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And the complete booklet, so you can read the descriptions made by Magnus
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Many thanks to Magnus to get his acceptance to show here in SOS this document and his work..
 

Uwek

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I had never seen something like this before, what I am now sharing with you.
And this or something similar will be also part of the future in ship modeling.


From UK a ship modeler named Magnus McLeod was presenting his sculptures and figurines of his 74-gun ship HMS ROYAL OAK (1769) in scale 1:48.
Based on the size of the model he left the model at home, but brought his prepared 3D-printed decorations to Rochefort.
Magnus was so greatful to hand over to me some photos and a small printed booklet in which he is explaining the status of his model and as well the technique he used for the 3-D printing

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The cover of the booklet showing his model as to date
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The prepared decorations and sculptures - do not forget -> all in scale 1:48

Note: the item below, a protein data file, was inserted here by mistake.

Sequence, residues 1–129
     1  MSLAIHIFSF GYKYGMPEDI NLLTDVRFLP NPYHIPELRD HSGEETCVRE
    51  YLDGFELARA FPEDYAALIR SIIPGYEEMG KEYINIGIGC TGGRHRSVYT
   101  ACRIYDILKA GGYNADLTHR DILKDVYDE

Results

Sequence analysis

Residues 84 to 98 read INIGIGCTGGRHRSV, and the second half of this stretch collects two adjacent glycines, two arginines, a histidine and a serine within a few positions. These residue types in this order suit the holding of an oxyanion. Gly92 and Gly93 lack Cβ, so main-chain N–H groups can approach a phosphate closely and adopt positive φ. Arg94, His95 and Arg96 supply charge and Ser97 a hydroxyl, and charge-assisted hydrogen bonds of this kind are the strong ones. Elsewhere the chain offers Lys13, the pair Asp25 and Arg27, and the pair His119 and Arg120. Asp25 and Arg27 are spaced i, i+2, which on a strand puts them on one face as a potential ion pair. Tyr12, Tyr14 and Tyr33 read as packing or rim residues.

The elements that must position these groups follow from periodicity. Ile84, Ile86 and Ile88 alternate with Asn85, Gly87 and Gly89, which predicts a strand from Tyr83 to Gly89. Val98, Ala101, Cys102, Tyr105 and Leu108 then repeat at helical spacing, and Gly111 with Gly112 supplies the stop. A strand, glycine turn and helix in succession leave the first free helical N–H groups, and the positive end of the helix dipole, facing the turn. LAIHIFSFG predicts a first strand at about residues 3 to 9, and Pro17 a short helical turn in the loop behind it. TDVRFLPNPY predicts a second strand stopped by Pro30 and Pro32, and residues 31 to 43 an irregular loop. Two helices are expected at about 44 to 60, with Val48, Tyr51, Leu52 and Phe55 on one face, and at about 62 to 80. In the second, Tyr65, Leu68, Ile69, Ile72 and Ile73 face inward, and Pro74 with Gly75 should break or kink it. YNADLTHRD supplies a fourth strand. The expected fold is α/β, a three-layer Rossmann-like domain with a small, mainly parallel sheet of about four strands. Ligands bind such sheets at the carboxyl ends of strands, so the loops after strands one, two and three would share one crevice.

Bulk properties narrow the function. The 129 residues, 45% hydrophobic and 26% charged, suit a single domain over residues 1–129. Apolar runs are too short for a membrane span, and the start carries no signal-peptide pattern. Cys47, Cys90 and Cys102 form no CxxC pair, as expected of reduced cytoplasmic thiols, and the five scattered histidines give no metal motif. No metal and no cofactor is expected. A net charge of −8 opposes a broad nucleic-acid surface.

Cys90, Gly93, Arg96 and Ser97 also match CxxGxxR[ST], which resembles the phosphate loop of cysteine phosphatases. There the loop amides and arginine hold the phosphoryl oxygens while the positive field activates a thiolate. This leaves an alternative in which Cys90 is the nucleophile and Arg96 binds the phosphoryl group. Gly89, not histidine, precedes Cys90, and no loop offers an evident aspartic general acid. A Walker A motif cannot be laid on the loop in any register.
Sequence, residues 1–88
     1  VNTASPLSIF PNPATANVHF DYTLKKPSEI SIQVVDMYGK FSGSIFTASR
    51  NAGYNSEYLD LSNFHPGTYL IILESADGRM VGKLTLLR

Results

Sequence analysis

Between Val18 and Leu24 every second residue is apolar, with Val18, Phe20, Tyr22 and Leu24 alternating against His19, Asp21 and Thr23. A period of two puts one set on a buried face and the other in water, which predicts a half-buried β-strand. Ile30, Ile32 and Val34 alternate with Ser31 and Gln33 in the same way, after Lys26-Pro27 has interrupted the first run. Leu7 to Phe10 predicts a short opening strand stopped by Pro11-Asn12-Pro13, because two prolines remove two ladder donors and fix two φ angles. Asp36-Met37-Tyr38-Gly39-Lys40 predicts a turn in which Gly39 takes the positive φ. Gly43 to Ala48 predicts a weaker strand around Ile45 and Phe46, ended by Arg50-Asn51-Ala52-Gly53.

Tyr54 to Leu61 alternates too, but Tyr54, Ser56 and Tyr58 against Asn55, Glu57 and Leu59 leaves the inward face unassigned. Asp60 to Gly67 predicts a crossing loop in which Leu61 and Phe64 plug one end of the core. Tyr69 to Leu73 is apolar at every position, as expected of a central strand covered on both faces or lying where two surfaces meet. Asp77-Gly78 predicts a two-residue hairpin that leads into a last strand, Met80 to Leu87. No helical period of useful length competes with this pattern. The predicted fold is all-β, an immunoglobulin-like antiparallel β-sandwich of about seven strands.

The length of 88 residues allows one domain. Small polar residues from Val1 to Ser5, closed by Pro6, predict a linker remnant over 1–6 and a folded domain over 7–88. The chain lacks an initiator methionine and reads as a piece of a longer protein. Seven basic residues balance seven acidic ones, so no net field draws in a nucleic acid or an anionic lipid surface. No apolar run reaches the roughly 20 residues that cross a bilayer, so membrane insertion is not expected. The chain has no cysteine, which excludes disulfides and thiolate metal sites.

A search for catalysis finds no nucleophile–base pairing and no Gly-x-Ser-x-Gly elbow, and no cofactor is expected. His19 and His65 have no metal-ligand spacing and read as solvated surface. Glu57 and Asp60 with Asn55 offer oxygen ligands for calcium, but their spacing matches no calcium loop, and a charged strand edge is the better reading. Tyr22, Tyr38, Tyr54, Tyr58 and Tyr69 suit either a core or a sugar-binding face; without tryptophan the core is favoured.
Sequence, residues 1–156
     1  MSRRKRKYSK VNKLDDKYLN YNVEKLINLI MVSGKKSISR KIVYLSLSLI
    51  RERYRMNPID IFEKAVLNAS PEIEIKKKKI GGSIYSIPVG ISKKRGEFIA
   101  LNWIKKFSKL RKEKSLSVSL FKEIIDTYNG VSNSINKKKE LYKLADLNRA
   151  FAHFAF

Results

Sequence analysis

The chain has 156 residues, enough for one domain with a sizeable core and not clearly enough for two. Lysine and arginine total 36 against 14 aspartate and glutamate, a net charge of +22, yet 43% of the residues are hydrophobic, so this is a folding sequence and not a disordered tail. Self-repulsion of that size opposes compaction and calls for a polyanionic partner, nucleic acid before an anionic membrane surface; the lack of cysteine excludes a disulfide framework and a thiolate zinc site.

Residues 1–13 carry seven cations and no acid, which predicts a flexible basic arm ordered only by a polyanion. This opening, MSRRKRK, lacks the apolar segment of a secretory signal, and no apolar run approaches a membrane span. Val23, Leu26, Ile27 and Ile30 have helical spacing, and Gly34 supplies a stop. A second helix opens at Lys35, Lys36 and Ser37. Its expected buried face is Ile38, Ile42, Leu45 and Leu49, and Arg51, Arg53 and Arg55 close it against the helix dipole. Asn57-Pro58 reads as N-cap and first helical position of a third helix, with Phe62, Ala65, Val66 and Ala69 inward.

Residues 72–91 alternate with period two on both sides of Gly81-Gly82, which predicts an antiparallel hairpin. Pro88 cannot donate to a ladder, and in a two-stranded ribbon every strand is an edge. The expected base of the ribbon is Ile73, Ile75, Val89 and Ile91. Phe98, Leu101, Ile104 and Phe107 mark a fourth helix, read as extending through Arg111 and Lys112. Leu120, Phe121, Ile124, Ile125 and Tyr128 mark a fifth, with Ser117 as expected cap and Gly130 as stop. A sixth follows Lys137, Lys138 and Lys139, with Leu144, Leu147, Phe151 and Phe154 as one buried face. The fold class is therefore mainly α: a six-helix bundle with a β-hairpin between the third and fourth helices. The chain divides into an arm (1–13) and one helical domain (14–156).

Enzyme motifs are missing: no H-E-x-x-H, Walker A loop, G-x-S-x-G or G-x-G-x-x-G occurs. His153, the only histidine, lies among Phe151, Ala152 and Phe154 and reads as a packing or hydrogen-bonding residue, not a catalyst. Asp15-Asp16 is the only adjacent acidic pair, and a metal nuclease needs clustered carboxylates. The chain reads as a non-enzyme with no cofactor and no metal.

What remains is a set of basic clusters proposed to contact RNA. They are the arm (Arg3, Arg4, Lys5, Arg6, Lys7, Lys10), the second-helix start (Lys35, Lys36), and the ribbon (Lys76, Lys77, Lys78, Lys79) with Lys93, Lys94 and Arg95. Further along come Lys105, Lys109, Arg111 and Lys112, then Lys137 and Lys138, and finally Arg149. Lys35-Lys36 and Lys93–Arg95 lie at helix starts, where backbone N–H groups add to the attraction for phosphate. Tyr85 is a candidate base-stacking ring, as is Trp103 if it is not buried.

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And the complete booklet, so you can read the descriptions made by Magnus
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Many thanks to Magnus to get his acceptance to show here in SOS this document and his work..
We are happy to inform you, that Magnus registered as a member here in SOS, so we hope to get close information about his work.
Once more a warm welcome to @Magnus McLeod here on board of SOS
 

Peglegreg

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Tnx for Your answer. My wife is gonna buy me a externel harddrive so i wont lose all the pictures whit another computer crashed. .....
G'day Pat
After my external HD crashed a few years ago, I now use a cloud based storage to store all my information.
I use DROPBOX and I have 1 Terabyte of space for au$15 per month. All my photos syncs to it automatically. This way they are all safe and I've happy.